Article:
Small sign in a shop window in Nantucket, “How to Live on an Island: Stretch, Listen in on shells, Put living things back, Cultivate quiet…Sugar yourself with sand, Float…Ebb and Flow…
This week Porter Fox wrote an article in The New York Times about his childhood on an island off the coastline of Maine. The article was called, “Everything is Different on an Island,” a thought I have had often, fascinated as I am by the small scrims of land that create an isolation Fox finds hard to describe. He wrote that, “… there is no escape from an island. The borders are finite and the surrounding ocean deep. Waves, wind and flotsam drift in with the breeze and tide, somehow drawn to the island’s singular existence. The thing is, a solitary entity in the middle of a void becomes the void. The sea is everything. The island is a vanishing point on a map. It is disconnected from the outside and, when you inhabit it, it becomes your world.”
This immersion and isolation make an excellent combination for writers and painters, scientists and those who seek to leave lives of convention. Little did I realize that islands occupy an interesting place in our sacred literature. Perhaps the most well-known appearance of islands is found in Esther 10:1. “King Ahaseurus imposed taxes throughout the empire, to its distant islands.” If you want to show just how insidious and far-reaching taxes are, make sure they get to the farthest island in your kingdom!
Their relative smallness also made islands a symbol of human insignificance in the presence of the Almighty, particularly in the Book of Isaiah (See Isaiah 11:11, 40:15-17, Jeremiah 31:10). In the Book of Jeremiah, we find such a use: "For cross to the islands of Kittim and see and send to Kedar and observe closely and see if there has been such a thing as this! Has a nation changed gods when they were not gods? But My people have changed their glory for that which does not profit” (Jeremiah 2:10-11).
In the Hebrew Bible islands can also be symbols of distance and isolation, as if to suggest that God’s presence is expansive, reaching even the most remote corners on earth. “Sing to the Lord a new song. Sing His praise from the end of the earth! You who go down to the sea, and all that is in it, you islands, and those who dwell on them.” (Isaiah 42:10). “Hear the word of the Lord, O nations and declare on the islands far off and say, ‘He who scattered Israel will gather him and keep him as a shepherd keeps his flock’” (Jeremiah 31:10)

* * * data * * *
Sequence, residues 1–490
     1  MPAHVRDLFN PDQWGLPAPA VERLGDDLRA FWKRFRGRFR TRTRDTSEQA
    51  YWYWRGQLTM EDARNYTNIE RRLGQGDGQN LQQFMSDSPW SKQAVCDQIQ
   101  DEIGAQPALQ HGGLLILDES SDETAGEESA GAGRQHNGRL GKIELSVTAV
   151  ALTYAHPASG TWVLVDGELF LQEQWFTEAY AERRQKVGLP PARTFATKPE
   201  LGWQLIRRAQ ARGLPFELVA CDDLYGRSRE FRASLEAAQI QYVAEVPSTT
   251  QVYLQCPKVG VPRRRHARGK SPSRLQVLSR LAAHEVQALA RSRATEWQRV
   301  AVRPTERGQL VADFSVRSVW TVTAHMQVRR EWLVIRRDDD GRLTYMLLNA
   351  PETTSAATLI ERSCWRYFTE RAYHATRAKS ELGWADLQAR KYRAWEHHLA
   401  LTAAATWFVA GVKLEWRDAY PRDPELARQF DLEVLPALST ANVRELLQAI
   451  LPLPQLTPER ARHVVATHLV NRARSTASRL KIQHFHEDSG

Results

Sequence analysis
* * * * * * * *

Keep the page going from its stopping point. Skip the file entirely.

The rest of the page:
The reverse is also true. Not only will God reach these distant places because a good shepherd keeps his flock together no matter how disparate, but people will hear of God and come from the remotest parts on earth to bring tribute and honor the Divine Presence: "Surely the islands will wait for Me, and the ships of Tarshish will come first, to bring your sons from afar. Their silver and their gold with them, for the name of the Lord your God, and for the Holy One of Israel because He has glorified you” (Isaiah 60:10). The idea of people responding to God’s call from afar – from islands - echoes in several other biblical verses (Isaiah 24:15, 42:4, 51:4-5).
In a similar usage in the book of Isaiah, we find islands ironically as places so far away that they do not know of God, as in this verse: “"I will set a sign among them and will send survivors from them to the nations: Tarshish, Put, Lud, Meshech, Tubal and Javan, to the distant coastlands that have neither heard My fame nor seen My glory and they will declare My glory among the nations” (Isaiah 66:19). In a similar thread, despite their distance from mainland and convention, those on islands are not beyond the law (Isaiah 59:18, Ezekiel 25:16-17, 39:6).
When the poet John Donne wrote “No Man is an Island,” one of the first poems I studied seriously in school, he wanted to communicate the artificial nature of isolation. We think we are alone, but we are never alone: “Any man’s death diminishes me, because I am involved in mankind.”
No man is an island,
Entire of itself,
Every man is a piece of the continent,
A part of the main.
Our prophets had a similar message to communicate much earlier. Islands can be a spiritual oasis, a place to go away to find oneself, to find God. But they can communicate a false distance from humanity, as Isaiah, our island prophet said long ago, “Listen to Me, O islands, and pay attention, you peoples from afar The Lord called me…” (Isaiah 49:1). We are a community. We are not islands.